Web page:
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S. Korea Warns North Role in Sinking of Ship Could Harm Nuclear Talks

South Korea says multinational talks meant to get rid of Pyongyang's nuclear weapons programs would be unlikely to resume if evidence points to a North Korean role in the sinking of a South Korean navy ship.

Foreign Minister Yu Myung-hwan dismissed a South Korean media report Tuesday that North Korea may be preparing its third nuclear weapons test.

However, he told reporters if evidence emerges linking the North to last month's sinking of a South Korean navy corvette, it would be difficult to resume six-nation nuclear talks.

He says from a common sense view, it will be hard to have the six-party talks in the foreseeable future if evidence confirms North Korea's involvement in the incident.

Forty-six South Korean sailors were killed after an explosion tore their ship in half and sank it. It was patrolling west of the Korean peninsula in one of the most dangerous sea regions of the world.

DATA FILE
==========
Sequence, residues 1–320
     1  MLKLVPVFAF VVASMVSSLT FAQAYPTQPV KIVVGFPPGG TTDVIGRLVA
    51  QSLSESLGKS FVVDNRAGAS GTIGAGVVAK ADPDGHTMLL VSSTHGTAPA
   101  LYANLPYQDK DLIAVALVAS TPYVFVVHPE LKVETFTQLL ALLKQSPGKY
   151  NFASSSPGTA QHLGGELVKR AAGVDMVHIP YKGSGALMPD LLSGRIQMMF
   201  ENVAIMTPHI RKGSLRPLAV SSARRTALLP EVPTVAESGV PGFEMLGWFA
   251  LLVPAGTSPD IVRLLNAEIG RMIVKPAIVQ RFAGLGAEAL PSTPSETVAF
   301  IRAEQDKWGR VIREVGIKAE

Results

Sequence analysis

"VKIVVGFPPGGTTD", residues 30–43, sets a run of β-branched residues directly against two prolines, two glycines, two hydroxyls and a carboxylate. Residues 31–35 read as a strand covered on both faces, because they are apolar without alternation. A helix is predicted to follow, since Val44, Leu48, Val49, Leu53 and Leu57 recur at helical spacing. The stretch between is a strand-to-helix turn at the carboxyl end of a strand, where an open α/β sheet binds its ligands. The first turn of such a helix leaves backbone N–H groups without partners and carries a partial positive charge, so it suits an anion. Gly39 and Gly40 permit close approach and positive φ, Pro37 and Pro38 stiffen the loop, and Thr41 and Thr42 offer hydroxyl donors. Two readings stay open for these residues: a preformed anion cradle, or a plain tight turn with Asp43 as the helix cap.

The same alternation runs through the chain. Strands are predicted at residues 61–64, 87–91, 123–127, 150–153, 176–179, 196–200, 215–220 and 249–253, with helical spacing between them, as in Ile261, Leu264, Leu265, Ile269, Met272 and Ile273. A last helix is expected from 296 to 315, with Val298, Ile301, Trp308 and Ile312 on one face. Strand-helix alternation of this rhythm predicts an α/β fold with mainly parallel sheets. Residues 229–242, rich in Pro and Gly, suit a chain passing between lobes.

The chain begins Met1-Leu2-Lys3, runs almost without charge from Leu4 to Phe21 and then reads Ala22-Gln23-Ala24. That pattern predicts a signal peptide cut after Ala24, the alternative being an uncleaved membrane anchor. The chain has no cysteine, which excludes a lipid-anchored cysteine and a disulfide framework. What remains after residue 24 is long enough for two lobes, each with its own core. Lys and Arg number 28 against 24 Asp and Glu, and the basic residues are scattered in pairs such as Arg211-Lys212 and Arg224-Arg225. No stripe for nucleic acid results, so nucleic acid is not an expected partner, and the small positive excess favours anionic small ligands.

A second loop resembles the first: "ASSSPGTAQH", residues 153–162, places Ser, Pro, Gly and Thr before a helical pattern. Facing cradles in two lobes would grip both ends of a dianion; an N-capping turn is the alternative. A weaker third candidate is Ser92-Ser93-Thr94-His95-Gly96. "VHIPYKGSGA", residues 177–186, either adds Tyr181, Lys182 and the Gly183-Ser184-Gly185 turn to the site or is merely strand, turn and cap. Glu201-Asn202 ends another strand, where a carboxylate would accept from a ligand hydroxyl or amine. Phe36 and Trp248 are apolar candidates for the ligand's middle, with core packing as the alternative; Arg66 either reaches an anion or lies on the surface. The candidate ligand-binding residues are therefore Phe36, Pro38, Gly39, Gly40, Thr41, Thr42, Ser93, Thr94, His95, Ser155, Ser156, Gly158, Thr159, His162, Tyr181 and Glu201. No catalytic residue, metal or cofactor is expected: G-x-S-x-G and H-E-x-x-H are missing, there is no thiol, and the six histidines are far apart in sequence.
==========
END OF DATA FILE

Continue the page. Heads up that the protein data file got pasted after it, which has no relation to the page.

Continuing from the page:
North Korea rejects a United Nations-mandated maritime border in the area, and the two Koreas have clashed three times there since 1999.

Investigators say the ship was almost certainly damaged by an external explosion. However, North Korea has denied widespread speculation it attacked the vessel.

South Korea says it will go to the United Nations Security Council as part of an international response if it proves North Korea had a role in the sinking. Putting the six-nation nuclear talks on hold may be part of that strategy.

However, Yang Moo-jin, a scholar at Seoul's University of North Korean Studies, says the foreign minister's warning about the nuclear talks should be taken in context.

He says what is most important is to balance the foreign minister's comments with other remarks by South Korean President Lee Myung-bak, who said that there still is no clear evidence of any North Korean involvement in the sinking.